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  • Mark Allen

Fulsome: Whether full or foul, make sure meaning is clear

The word “fulsome” presents a problem that usage and etymology fail to sort out. It either means “abundant,” “offensive” or, perhaps as a compromise, “offensively abundant.” Dictionaries usually give at least the first two meanings while most usage guides insist on the third. The Associated Press Stylebook says “it means disgustingly excessive” and should not be used to mean “lavish or profuse.” The BBC News Styleguide says, probably incorrectly, that “fulsome is not a close relative of full, and does not mean generous.”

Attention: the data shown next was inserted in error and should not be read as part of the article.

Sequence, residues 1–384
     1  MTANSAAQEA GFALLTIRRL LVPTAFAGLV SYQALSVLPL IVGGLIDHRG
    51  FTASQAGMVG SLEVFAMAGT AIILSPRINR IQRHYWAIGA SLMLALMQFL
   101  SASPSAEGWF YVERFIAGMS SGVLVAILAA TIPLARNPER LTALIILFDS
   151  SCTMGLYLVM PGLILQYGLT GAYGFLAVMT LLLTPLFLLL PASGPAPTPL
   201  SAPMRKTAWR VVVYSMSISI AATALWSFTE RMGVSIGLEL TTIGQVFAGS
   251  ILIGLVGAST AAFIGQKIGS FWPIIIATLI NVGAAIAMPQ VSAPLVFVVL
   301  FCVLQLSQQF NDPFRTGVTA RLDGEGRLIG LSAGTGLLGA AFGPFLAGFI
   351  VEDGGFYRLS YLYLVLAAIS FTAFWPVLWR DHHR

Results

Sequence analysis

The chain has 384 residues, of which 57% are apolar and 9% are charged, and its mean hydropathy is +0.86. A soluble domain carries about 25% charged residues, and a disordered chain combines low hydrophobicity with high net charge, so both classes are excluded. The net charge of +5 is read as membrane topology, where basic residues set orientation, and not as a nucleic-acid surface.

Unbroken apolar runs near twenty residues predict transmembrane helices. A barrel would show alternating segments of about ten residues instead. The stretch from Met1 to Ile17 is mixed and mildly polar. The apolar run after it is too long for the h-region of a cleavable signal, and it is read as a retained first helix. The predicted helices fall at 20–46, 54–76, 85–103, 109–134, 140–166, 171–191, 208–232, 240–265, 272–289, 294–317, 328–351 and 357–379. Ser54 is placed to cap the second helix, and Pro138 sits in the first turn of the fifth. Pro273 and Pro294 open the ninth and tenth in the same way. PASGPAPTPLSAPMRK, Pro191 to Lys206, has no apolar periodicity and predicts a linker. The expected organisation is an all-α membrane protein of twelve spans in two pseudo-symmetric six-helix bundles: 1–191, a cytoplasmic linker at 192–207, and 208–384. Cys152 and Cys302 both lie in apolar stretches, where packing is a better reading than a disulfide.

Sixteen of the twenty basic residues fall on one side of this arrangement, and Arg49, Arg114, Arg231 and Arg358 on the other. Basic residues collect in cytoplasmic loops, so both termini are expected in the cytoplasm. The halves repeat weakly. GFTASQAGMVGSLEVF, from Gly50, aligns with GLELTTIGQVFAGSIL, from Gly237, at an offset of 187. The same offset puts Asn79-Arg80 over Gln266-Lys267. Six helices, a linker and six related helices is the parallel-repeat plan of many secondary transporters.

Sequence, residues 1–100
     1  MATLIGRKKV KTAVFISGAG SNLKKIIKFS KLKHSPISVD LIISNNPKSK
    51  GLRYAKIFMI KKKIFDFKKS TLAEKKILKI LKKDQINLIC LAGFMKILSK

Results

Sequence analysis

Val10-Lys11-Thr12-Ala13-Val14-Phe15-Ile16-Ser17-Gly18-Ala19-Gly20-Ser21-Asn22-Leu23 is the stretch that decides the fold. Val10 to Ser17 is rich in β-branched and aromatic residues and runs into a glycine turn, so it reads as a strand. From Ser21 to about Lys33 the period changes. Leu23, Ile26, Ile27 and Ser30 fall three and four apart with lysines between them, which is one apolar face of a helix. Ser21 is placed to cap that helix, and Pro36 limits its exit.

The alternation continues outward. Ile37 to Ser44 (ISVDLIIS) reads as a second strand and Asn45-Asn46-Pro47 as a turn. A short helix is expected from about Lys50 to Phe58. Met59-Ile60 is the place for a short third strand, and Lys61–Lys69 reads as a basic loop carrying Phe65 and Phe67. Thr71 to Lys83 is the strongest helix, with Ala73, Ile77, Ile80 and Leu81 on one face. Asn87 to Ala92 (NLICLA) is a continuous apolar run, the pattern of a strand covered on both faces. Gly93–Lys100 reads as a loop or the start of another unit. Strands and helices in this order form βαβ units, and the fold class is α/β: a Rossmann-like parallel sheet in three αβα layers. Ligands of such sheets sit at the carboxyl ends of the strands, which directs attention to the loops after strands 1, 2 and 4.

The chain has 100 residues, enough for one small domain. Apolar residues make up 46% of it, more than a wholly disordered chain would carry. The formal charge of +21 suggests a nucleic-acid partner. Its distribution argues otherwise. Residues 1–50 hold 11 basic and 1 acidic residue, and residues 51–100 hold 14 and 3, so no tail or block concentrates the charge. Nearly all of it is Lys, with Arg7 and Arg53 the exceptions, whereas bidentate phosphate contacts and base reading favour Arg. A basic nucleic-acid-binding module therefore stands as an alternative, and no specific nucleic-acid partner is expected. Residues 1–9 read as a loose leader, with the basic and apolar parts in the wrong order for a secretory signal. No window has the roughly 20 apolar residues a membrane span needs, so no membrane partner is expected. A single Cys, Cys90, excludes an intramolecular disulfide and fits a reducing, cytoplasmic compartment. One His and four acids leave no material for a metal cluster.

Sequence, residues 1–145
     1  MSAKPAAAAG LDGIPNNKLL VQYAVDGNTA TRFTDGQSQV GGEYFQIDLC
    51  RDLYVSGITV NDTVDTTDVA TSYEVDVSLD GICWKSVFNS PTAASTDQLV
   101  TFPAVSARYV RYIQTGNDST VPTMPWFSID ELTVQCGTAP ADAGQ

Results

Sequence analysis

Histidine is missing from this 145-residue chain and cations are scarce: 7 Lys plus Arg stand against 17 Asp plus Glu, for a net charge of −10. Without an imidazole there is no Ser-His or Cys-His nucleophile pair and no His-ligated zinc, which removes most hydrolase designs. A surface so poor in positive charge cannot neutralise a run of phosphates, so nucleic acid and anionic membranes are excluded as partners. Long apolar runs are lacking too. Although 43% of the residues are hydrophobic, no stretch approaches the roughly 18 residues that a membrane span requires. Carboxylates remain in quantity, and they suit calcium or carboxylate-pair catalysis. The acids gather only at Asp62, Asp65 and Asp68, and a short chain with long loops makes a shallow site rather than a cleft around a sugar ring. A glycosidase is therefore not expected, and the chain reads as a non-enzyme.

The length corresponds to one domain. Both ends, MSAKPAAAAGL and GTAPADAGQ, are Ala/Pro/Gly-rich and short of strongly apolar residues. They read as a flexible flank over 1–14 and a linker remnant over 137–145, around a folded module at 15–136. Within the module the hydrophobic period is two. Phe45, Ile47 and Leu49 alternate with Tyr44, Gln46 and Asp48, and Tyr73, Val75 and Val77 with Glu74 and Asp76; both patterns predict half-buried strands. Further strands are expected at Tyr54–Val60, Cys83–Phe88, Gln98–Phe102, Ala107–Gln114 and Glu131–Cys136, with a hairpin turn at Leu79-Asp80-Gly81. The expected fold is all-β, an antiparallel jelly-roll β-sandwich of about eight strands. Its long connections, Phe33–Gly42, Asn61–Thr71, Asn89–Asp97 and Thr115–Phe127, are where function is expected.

The word might have derived from the word “foul,” giving the “offensive” meaning credence. But the Oxford English Dictionary and others suggest it comes from “full.” The OED’s corpus has a century of examples where the word meant “abundance” before examples where “excessive” or “foul” came into play.